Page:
Michigan parents may be interested to learn that recent studies have confirmed that the use of joint custody is better for children. Some divorce courts have been promoting joint custody whenever possible for several years, believing that children who have an opportunity to live with both parents are happier and better adjusted than those who spend most of their time with one parent. Now, a new study in the Journal of Epidemiology & Community Health suggests that this is a sound approach.
Some experts have suggested that joint child custody arrangements may be stressful for children. However, the new study, which was conducted by the Centre for Health Equity Studies in Stockholm, Sweden, shows that the opposite is true. Shared parenting, in which the children spend about half their time with each parent, has been shown to be beneficial for the children and result in fewer health and emotional issues.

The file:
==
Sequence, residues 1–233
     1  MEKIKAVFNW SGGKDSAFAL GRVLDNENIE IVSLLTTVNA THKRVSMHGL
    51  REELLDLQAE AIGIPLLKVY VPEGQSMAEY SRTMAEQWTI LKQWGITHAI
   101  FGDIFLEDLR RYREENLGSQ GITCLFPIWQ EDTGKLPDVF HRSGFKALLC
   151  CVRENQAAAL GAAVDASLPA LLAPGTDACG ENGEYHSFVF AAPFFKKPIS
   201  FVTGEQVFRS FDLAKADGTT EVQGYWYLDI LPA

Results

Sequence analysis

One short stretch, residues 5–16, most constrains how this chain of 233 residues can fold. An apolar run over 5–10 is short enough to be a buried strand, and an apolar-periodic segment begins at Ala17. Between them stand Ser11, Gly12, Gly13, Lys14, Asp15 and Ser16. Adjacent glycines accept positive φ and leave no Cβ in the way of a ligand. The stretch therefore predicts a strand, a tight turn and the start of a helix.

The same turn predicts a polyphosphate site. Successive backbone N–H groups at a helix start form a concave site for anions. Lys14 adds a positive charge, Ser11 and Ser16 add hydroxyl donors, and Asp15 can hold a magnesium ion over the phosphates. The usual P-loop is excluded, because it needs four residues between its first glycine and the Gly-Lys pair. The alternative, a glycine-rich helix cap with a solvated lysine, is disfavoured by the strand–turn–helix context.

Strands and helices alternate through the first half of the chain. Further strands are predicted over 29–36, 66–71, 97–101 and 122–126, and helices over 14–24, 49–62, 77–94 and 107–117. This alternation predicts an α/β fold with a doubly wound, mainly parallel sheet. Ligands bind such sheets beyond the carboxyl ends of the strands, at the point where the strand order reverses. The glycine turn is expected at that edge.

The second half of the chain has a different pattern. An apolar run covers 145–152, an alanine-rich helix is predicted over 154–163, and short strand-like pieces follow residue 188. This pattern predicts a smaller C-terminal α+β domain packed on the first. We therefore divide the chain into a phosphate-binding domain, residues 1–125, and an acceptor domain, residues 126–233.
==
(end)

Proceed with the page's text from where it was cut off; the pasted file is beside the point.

According to data compiled in the study, children who live with both parents have fewer health issues, including sleep problems, concentration difficulties, headaches, stomach aches and dizziness. Experts believe that living with both parents may double the resources and support available to children, helping them to better cope with stress. Furthermore, experts believe that shared parenting keeps the parents more engaged with the children, leading to deeper and more satisfying parent-child relationships.
Those facing a divorce in which partners must determine child custody may be well-advised to consider a joint parenting arrangement. In many cases, a divorce attorney might work with a parent to help them create a parenting agreement that will consider both partner's schedules and allow the children of the marriage to spend time with both parents.